Do we care as much about defining and defending grace?

…At their very heart, the Canons of Dort are about the nature of grace – supernatural, uniliateral, sovereign, effecting, redeeming, resurrecting grace, with all of its angularity, all of its offense to human pride, and all of its comfort for the weary soul. That’s what Dort wanted to settle. That’s what they were jealous to protect. Some words are worth the most careful definitions, just as some truths are too precious not to defend.

grace-defined-defended-deyoung-2019Taken from the “Introduction” of the newest book on the Synod and Canons of Dort in connection with her 400th anniversary. This is Kevin DeYoung’s Grace Defined and Defended: What a 400-Year-Old Confession Teaches Us About Sin, Salvation, and the Sovereignty of God (Crossway, 2019), pp.24-25.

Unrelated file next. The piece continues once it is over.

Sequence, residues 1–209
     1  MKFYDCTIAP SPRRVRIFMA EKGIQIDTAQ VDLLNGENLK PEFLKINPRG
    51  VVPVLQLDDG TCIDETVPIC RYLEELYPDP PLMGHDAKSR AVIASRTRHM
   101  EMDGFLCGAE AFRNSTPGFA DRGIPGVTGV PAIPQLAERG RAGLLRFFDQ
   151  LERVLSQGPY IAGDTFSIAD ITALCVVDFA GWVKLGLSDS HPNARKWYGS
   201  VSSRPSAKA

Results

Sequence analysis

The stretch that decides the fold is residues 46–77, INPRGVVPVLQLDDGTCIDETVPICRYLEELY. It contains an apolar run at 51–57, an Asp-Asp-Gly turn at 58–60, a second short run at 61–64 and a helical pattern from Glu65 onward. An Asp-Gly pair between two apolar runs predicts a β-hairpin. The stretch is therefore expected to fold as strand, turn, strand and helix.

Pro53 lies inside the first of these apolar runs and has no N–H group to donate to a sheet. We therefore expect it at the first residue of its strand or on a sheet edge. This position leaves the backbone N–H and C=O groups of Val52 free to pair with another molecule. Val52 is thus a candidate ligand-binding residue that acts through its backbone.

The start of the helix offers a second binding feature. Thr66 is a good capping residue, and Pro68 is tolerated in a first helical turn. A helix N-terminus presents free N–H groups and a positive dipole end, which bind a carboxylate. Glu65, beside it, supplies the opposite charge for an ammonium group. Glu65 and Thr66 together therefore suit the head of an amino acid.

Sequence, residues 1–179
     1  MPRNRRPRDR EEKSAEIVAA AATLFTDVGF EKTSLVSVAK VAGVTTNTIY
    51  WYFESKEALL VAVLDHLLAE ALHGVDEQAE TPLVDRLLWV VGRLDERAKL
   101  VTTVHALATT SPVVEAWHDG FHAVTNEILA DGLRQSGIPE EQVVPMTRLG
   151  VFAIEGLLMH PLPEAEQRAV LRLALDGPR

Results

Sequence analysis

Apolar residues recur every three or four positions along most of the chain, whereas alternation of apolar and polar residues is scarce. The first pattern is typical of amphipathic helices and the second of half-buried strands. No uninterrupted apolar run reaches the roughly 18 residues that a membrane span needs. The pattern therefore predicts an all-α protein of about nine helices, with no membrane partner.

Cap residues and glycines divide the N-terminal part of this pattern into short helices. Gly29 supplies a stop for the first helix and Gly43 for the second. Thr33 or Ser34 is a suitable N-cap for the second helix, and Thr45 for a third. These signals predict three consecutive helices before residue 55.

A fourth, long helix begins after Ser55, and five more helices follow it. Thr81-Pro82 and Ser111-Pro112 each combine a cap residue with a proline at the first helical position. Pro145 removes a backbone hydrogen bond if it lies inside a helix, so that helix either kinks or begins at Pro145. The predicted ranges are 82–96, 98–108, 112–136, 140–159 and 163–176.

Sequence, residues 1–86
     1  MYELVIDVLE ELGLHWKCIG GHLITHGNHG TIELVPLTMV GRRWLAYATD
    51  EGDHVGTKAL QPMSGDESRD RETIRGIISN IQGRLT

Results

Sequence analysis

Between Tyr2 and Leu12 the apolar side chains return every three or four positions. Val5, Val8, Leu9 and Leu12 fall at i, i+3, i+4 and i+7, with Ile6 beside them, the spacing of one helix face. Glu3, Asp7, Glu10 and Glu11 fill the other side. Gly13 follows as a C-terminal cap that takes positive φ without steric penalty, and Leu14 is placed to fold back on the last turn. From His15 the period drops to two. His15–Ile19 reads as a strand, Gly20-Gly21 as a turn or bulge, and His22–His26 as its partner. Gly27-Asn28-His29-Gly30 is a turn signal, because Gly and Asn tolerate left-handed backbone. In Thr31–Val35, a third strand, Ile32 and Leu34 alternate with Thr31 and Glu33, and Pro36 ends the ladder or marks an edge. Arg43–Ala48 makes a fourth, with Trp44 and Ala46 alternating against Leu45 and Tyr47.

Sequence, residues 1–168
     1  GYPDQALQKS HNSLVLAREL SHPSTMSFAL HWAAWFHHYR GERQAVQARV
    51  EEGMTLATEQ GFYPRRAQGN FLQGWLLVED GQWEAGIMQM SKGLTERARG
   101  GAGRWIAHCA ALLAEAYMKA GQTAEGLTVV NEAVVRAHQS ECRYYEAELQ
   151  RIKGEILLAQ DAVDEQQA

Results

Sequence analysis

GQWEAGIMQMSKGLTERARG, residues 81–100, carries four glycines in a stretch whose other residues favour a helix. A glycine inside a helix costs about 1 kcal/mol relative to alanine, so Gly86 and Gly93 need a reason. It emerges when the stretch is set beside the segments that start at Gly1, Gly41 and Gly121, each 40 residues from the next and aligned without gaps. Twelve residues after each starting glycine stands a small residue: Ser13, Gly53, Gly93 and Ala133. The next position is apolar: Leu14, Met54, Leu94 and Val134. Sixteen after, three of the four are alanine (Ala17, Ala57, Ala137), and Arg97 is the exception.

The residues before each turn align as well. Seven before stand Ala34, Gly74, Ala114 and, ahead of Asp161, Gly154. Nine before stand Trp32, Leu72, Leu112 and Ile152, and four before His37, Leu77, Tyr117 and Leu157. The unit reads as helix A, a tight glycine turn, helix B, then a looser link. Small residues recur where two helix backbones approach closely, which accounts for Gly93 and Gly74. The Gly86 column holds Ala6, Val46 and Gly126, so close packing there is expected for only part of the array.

I have a review copy from Crossway available for a serious reader who is willing to do a review for the Standard Bearer. I have also purchased a copy for the PRC seminary library.

 

A Week in Photos, Personal and Seminary – April/May 2019

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It has been a cool, rainy week in our parts, but we have now turned the calendar to May, and we hope that we have also turned the corner on our cool, wet weather (including snow! The picture above is my backyard this past Sunday morning – perhaps the last of the season for that white stuff!).